Interview with Dr. Andre Gazal on When the English Reformation Began

Published on December 1, 2017 by Joshua R Monroe

Greetings! I’m Fred Zaspel, and welcome back to Books At a Glance as we highlight the events, players, and issues of the Protestant Reformation of the 16th century. Today we talk again with Dr. Andre Gazal who will take up a very specific question about the beginnings of the Reformation in England.
Andre, great to have you back.

Gazal:
Good to be back, Fred; thank you.

 

Zaspel:
There is evidently some question as to exactly when the English Reformation took place. Before we get into it, would you just explain the question for us?

Gazal:
Well, the question has to do with whether or not the English Reformation started with the Lollard movement, most often associated with Wycliffe, back to the fourteenth century. The question has to do with whether the Reformation started there or just simply started in the sixteenth century, mainly as the result of ecclesiastical initiatives taken by Henry VIII, specifically with reference to his request of an annulment from Catherine of Aragon.

 

Zaspel:
Why would you argue that the English Reformation began during the reign of Henry VIII?

Gazal:
Because, first of all, I would say that there is no evidence of direct influence by the Lollards by the time we get into the sixteenth century. As a matter of fact, the Lollards are very much proscribed by this time. They are outlawed and very much out of the picture, for one thing, so they are no longer exercising any major influence on the religious life of England. Also, much recent scholarship has maintained, and I think rightfully so, on the basis of very solid evidence, that traditional religion in England at the beginning of the 16th century was actually flourishing and quite thriving. Regardless of what Foxe and some in the early twentieth century would have alleged, and most recently, A. G. Dickens.

 

Zaspel:
What was flourishing? Traditional religion – do you mean traditional in England?

Gazal:
Late medieval Catholicism.

 

Zaspel:
Okay, that’s what I thought you meant.

Gazal:
What I mean by that, is that most people, from what the evidence seems to suggest, were very content with the piety they had known through late medieval Roman Catholic devotion.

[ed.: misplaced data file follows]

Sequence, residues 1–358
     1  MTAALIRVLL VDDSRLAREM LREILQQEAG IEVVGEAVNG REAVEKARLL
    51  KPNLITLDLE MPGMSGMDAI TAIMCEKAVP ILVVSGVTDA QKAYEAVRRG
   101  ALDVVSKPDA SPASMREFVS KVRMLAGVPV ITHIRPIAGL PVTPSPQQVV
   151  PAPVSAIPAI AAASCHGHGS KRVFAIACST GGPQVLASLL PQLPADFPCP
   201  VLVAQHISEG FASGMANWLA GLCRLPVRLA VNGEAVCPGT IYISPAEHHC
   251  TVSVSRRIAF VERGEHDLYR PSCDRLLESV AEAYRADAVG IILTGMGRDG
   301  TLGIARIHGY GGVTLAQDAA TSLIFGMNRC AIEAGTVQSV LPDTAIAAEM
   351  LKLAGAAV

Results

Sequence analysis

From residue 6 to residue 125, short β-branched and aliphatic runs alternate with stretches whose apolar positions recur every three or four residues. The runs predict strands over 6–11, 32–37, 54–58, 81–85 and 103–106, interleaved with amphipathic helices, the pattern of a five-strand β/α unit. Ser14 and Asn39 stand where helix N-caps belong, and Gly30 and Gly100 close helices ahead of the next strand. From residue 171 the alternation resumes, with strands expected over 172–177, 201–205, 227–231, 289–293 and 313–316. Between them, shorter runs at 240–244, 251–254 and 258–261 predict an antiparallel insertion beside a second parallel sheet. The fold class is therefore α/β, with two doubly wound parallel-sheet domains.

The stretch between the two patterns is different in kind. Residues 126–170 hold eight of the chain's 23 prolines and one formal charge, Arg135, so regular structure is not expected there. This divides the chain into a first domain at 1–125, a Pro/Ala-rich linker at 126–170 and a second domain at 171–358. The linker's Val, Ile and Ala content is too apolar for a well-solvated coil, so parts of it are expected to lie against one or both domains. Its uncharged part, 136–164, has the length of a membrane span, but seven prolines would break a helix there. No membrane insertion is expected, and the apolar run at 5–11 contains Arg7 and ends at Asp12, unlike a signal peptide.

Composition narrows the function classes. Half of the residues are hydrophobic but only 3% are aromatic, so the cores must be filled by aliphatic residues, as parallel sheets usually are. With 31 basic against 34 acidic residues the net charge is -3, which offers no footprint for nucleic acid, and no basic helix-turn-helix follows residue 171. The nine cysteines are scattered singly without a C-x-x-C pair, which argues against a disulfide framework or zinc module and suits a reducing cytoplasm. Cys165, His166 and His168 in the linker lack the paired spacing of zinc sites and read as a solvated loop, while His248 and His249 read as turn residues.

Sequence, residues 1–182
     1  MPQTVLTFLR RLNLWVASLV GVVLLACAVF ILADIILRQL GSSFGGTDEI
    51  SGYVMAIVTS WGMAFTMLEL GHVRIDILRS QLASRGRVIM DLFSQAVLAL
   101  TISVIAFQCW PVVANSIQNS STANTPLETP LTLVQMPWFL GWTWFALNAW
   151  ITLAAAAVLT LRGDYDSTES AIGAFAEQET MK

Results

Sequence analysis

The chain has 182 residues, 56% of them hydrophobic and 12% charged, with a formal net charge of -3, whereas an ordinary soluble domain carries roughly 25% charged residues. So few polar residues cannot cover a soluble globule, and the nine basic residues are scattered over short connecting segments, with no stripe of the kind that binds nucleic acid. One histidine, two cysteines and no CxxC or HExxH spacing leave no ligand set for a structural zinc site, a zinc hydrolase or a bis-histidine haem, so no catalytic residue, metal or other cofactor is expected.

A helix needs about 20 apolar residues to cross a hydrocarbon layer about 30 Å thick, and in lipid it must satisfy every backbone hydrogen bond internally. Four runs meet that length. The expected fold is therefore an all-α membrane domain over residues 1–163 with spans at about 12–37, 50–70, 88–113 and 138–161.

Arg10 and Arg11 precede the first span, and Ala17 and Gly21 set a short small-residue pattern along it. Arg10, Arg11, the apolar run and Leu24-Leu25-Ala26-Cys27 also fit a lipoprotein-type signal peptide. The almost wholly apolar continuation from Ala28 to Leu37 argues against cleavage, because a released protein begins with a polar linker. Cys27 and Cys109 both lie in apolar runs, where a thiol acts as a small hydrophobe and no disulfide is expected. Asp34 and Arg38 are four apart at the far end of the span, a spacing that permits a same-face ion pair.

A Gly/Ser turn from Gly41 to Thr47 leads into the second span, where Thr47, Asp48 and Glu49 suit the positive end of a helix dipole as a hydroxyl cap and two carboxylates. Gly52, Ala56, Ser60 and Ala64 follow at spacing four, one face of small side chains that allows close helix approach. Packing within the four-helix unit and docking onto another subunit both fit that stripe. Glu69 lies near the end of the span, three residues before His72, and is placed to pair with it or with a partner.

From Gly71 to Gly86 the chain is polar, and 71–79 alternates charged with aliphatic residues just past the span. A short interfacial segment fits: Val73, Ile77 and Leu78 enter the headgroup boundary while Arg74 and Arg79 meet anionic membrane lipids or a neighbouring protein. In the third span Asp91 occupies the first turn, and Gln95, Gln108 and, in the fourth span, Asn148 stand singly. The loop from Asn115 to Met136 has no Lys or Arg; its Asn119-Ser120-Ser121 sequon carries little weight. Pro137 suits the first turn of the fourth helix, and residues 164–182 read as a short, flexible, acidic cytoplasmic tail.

Zaspel:
What are the four major views of the nature of the English Reformation, which one do you hold, 7and why?

Gazal:
One view is that the Reformation in England was a swift Reformation from above. By that we mean that the Reformation was the intended result of forceful government action and was something that was arbitrarily imposed on the country at large during the reigns of Henry VIII and Edward VI, and then later on, Elizabeth. That’s one view.
The second view is that it was a rapid Reformation from below. This view argues that while Protestant clerics were important in promoting change, the religious transformation of England was the result of effective evangelism by the laity at the grassroots level. This theory maintains that this environment was thoroughly prepared by the work of the Lollards.
The third view is that it was a slow Reformation from below. This view emphasizes a much more gradual pace of Protestantism at the local level. Probably one of the chief advocates of this view is the late Patrick Collinson.
Finally, the fourth view is that there was a slow Reformation from above. This is set forth by a growing body of scholars. According to this view the new religion, Protestantism or Evangelicalism, was forcefully imposed from above by the authorities, but gained only a small acceptance.
My view of this would largely be this last view, but it’s nuanced. I would say it was a slow Reformation from above in the sense that it was officially initiated by Henry VIII, continued by Edward, and then furthered by Elizabeth. The evidence shows that in terms of the country as a whole, there is an acceptance of Protestantism by the population, as a whole, but it’s a slow acceptance because of reluctance to give up their traditional devotion. Here’s how I would nuance it. I would hold to this fourth view, that it was a slow Reformation from above, but it was one in which an Evangelical Reformation, that was initiated by people such as Tyndale, and so forth, was fused with the official one during the reign of Edward VI.

 

Zaspel:
Are these views necessarily mutually exclusive?

Gazal:
I don’t think so.

 

Zaspel:
You do have different things going on at various levels, right?

Gazal:
Oh, definitely. Which makes the Reformation in England a very complex phenomenon, even to the point where some scholars have spoken of it in terms of English Reformations, rather than simply one Reformation.

 

Zaspel:
We’re talking to Dr. Andre Gazal about the English Reformation. Next time he’ll be back with us, talking about John Jewel and his part in the Reformation in England. Thanks for listening in.